3

I'm moving my desktop PC from the basement, to the living room (oh happy day!). The spot I've picked does not have access to an Ethernet port, so I'm shopping around for a pci/e wifi card that will do a couple things for me.

I want to connect the the same router more than one time, in the same vein as a duel network interface card... except using wireless.

My home router is an Asus brand AC1300 router, it throws a N connection in both the 2.4 and 5 bands. I'd like to connect to both bands at the same time, or the same band 2 times.

I'd like to keep my budget under 100usd, no preference on antenna positioning or brand.

---Disclaimer---

I understand that connecting to the router 2 times will not improve internet speeds, I'm after the local network transfer speeds.
I'm also aware that this will not improve signal strength
Why do I want this? Well, since you asked... I do several large file transfers multiple times a day... More speed means less downtime.

If this type of hardware doesn't exist, I will end up just running Ethernet upstairs again. I'd like to avoid it, because of reasons.

  • Dual ethernet card with two of these: NETGEAR Universal N300 Wi-Fi to Ethernet Adapter (WNCE2001)? Not sure if it would work... If you want a lot of bandwidth, running one or two ethernet cables is going to be your best option. – 0-60FPS Jan 12 '17 at 4:05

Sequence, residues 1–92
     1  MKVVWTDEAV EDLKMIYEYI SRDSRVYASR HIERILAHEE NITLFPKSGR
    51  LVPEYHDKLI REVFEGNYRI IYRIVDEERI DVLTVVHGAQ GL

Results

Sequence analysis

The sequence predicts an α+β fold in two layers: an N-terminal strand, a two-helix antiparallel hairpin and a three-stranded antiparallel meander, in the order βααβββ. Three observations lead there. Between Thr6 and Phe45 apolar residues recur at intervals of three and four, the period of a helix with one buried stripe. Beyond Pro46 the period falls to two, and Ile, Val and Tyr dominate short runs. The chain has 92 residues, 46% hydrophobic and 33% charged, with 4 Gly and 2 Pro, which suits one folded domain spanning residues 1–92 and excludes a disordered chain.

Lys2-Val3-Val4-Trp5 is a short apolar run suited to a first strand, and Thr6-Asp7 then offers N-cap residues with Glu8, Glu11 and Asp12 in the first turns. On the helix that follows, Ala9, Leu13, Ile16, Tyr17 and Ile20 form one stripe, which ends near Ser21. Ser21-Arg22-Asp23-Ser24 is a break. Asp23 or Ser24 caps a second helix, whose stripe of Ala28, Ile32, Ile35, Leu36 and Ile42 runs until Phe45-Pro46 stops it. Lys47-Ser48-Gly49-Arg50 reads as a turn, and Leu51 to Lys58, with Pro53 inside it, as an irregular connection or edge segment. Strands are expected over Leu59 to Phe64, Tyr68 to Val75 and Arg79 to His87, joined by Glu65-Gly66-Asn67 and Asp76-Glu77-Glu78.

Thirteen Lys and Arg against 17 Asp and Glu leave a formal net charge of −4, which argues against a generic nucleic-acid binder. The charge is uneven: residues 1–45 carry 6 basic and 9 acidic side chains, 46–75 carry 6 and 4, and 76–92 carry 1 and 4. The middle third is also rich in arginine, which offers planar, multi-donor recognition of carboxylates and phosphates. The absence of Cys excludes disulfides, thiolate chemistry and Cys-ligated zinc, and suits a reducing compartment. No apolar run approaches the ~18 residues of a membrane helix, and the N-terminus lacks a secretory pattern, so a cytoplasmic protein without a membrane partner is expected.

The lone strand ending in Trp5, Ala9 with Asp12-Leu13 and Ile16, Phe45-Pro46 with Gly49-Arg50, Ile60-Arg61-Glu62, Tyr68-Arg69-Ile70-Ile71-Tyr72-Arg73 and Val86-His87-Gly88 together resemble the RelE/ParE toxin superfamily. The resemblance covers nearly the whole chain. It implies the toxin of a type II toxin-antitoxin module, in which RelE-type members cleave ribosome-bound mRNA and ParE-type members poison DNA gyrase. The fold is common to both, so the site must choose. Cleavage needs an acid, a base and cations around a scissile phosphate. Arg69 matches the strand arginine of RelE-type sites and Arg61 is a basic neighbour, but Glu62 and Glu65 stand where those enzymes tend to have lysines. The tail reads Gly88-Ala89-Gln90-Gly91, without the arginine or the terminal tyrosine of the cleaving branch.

• Get a spool of Cat6, some gigabit NICs, run cable along baseboards....problem solved. Just a note, but for highspeed data transfers, physical cable is the only way to go. – NZKshatriya Jan 12 '17 at 4:17
  • Lol yea, The kids would find that Ethernet cable and somehow manage to pull my desktop off the shelf lol. I am considering just running another line through the basement, and landing it where I need it... It's a PITA to carve out the time to get that done.. but it would be the most efficient way of doing it. – BigElittles Jan 12 '17 at 15:36
1

I found the answer here, by user spiff (First line edited to match context)

Dual band cards cannot connect to two signals at once, the term you are looking for is "simultaneous dual-band" which is also called "dual-band concurrent". I'm not aware of any client card that is. Simultaneous dual-band support is something only APs do, in order to support legacy 2.4GHz clients and more modern 5GHz clients at the same time.

If you want your dual-band client card to automatically pick the best band, make sure both radios in your simultaneous dual-band AP are publishing the same network name (SSID) with the same security mode and same password. I recommend WPA2-personal a.k.a. WPA2-PSK, and I recommend AES-CCMP only; don't bother enabling TKIP (this may be called something like "WPA2/WPA mixed mode") unless you know for a fact that you still have an old product around from c. 2002-2003 that supports TKIP but not AES.

If you don't have a simultaneous dual-band AP, and instead have two separate APs (one for 2.4 and one for 5GHz), still make sure they're both publishing the same network name, with the exact same security mode and password.

| improve this answer | |